Young Knights

A rivalry is growing between several Massachusetts chess stars, each of whom could become a top-rated, even professional-level player. That is, if they don’t lose interest once they get out of middle school.

By Michael Fitzgerald June 24, 2007

After a full day of competition, the state championship is hanging in the balance of one battle. Andrew Wang and James Lung are squared off, mano a mano – as mano as 10-year-old boys can be, anyway – renewing a budding rivalry between two of the best young players in Massachusetts. Andrew has beaten James before, and this day, each player has led his team into the final round (team chess features four players per side). But Andrew’s grip looks tenuous as their struggle stretches well into its second hour. People are clustered around this game, since the rest of the day’s matches are done. If Wang bests his rival, the Sage School in Foxborough will win the 2006 state K-6 championship, avenging a loss the year before. If James wins, his school, Lexington’s Harrington Elementary School, will again be the winner. If they draw, the title will go to a third school.

The arena, which happens to be the Natick High School cafeteria, is boisterous – for chess. Which is to say that people can be heard whispering, and at one point, Andrew distinctly hears someone say: “It’s a draw.” Indeed, it looks as if neither player can win. Both boys are down to two pawns and a king, though Andrew also has a bishop. And he is sure he can find a way to win. Still, he is running out of time – tournament chess gives each player a two-hour limit, and Andrew has only five minutes remaining. But five minutes of clock time, which stops after each move, can be an eternity in chess, and so he keeps plugging away. Then he sees his edge: He can use his bishop to protect one of his pawns from James’s king and use that pawn to get his queen back. Once Andrew gets his pawn in position, James concede defeat.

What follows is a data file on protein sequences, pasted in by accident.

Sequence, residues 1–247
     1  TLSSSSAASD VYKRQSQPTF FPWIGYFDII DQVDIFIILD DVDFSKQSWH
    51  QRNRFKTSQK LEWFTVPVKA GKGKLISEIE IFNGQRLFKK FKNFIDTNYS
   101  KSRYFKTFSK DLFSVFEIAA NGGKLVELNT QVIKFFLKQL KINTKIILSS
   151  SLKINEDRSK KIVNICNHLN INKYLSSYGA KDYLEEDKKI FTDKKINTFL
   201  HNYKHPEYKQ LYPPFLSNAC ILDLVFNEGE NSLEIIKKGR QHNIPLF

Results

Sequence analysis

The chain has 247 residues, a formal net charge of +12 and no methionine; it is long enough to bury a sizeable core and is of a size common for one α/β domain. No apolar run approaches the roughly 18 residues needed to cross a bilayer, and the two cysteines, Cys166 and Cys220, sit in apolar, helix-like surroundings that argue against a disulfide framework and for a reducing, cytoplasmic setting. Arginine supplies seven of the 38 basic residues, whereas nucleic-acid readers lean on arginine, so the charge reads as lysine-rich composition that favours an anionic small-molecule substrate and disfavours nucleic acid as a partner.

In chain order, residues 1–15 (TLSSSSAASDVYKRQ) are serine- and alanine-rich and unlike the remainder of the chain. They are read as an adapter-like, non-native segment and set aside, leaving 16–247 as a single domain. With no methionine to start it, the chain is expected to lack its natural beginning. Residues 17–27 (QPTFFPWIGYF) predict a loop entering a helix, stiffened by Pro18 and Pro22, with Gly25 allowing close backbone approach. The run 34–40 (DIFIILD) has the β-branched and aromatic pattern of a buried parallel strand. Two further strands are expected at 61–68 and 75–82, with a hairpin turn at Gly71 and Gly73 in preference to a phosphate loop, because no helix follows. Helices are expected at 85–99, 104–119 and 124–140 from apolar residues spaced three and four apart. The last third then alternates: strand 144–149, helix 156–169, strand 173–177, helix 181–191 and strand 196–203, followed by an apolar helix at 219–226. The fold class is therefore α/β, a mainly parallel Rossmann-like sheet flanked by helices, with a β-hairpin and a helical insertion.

There is, of course, no exultation. Chess is a blood sport, but all the bloodshed happens in the brain – which may explain why chess players always seem to be holding their heads in their hands. Think of it as the intellectual version of hockey: You bash each other’s brains out, and when you’re done, you shake hands and go home.

Chess, a sport of kings, in some ways is really a sport of kids. Close to half of the members of the MetroWest Chess Club, the biggest in New England, are not yet 18. Outside of gymnastics, chess is probably the only sport where a 4-foot-6, 60-pounder like Andrew Wang can routinely compete with – and defeat – adults.

There was a huge surge in interest in the game in the United States after Bobby Fischer won the world championship in 1972. But today, the game seems almost quaint. There are only about 80,000 members in the US Chess Federation, roughly the same number as in the mid-’90s, but four times the pre-Fischer level – and about 1,000 members in the Massachusetts state association. The numbers have also been propped up over the years by two waves of newcomers – Eastern Europeans, primarily Russians, who came to the United States after the Berlin Wall fell in 1989, and more recently, Asian immigrants and their kids.

Here is the full story.

Posted by Picasa
Chess Daily News from Susan Polgar